Mr. Camacho is the former Mexico City mayor and a close Salinas friend. But after being passed over as the PRI candidate, he stole the limelight from Colosio as the government peace negotiator in the Chiapas crisis. He angered Colosio supporters by not publicly backing the PRI candidate and waiting until last week to state he would not make a run for the presidency.

At Colosio's funeral, Camacho again stated he would not seek the presidency. Hard feelings within the PRI make Camacho an unlikely choice now. And Camacho may have his hands full in Chiapas.

Mayans on alert

The armed Mayan rebel group has gone on ``red alert,'' suspending talks with its supporters over a preliminary peace agreement. It is calling the Colosio assassination a ``prelude'' to a military offensive, citing recent bombings and a buildup of Mexican Army troops in violation of the cease-fire. The Mexican Army denies the accusations.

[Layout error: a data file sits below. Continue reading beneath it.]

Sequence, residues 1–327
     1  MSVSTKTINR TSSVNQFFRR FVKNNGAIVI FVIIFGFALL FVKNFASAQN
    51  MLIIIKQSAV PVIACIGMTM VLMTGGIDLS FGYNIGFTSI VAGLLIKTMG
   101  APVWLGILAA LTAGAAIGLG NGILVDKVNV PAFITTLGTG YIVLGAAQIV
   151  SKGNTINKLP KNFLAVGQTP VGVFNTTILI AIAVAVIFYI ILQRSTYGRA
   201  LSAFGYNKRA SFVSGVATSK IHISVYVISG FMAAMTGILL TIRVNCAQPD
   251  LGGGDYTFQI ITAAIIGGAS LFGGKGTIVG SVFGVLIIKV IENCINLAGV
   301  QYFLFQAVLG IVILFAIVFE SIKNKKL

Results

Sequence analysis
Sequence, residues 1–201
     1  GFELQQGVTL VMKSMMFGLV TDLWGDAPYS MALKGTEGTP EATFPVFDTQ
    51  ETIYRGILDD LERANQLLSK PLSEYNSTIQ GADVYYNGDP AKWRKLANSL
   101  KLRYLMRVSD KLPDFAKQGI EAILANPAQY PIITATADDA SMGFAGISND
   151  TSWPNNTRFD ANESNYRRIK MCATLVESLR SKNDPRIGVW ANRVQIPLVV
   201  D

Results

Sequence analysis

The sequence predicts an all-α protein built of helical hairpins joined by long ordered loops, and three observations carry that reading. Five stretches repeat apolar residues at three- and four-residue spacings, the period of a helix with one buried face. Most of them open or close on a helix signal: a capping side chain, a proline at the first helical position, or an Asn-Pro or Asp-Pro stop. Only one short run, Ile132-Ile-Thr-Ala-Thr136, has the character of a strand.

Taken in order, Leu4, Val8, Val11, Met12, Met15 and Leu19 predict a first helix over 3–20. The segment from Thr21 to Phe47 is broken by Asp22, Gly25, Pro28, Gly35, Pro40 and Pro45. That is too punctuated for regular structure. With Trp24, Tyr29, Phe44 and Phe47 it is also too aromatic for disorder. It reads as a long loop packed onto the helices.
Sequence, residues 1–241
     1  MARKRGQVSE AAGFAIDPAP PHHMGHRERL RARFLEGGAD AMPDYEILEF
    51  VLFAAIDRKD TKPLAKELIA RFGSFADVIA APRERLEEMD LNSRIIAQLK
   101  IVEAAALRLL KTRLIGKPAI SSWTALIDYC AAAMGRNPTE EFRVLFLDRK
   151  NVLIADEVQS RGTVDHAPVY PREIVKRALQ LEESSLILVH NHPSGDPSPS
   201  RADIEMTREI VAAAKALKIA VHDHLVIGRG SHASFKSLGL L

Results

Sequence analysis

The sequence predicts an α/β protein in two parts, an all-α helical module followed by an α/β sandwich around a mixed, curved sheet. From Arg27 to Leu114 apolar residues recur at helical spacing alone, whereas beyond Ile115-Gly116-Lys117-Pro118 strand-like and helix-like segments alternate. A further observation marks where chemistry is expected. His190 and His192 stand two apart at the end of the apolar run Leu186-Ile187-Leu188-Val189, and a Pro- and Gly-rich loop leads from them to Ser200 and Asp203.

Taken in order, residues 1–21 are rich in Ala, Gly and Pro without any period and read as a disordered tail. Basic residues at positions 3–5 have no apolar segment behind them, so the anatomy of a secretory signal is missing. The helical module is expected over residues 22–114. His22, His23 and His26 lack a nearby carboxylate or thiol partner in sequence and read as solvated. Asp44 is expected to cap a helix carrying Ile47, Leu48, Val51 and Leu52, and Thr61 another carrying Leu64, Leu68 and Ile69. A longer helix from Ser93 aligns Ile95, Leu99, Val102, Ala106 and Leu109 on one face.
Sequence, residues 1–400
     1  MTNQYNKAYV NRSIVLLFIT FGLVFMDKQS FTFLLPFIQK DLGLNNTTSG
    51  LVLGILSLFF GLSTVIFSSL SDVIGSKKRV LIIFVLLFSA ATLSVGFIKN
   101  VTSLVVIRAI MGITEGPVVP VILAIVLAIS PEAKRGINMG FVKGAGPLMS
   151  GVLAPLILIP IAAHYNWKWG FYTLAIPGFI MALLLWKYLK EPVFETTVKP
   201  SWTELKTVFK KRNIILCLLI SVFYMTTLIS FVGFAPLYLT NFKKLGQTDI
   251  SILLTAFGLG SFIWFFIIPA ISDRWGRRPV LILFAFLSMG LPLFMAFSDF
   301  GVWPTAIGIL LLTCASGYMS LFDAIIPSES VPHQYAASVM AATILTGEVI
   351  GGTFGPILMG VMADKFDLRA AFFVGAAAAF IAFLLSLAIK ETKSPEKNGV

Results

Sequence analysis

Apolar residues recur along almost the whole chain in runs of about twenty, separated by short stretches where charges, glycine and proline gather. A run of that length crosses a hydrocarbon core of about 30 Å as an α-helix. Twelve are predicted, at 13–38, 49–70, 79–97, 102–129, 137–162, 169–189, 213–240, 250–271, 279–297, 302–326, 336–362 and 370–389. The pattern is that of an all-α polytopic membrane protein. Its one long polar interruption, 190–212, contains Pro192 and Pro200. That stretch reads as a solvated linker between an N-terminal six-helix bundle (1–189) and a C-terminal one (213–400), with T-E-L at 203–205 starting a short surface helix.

Some analysts are concerned that the Colosio murder may be used by PRI hard-liners to justify more ``law and order,'' meaning a tougher stance with the Chiapas rebels and backtracking on electoral concessions.

Meanwhile, Mr. Ortiz Arana's name is surfacing as the ideal candidate to unify the PRI. He would play the ``role of the agglutinin of the `Colosistas' and `Camachistas' '' writes Ricardo Aleman, a political columnist for the independent Mexico City daily La Jornada.

The PRI president has the advantage of wide support within the party and sound political skills. But he lacks administrative experience and is not well-known by the business community.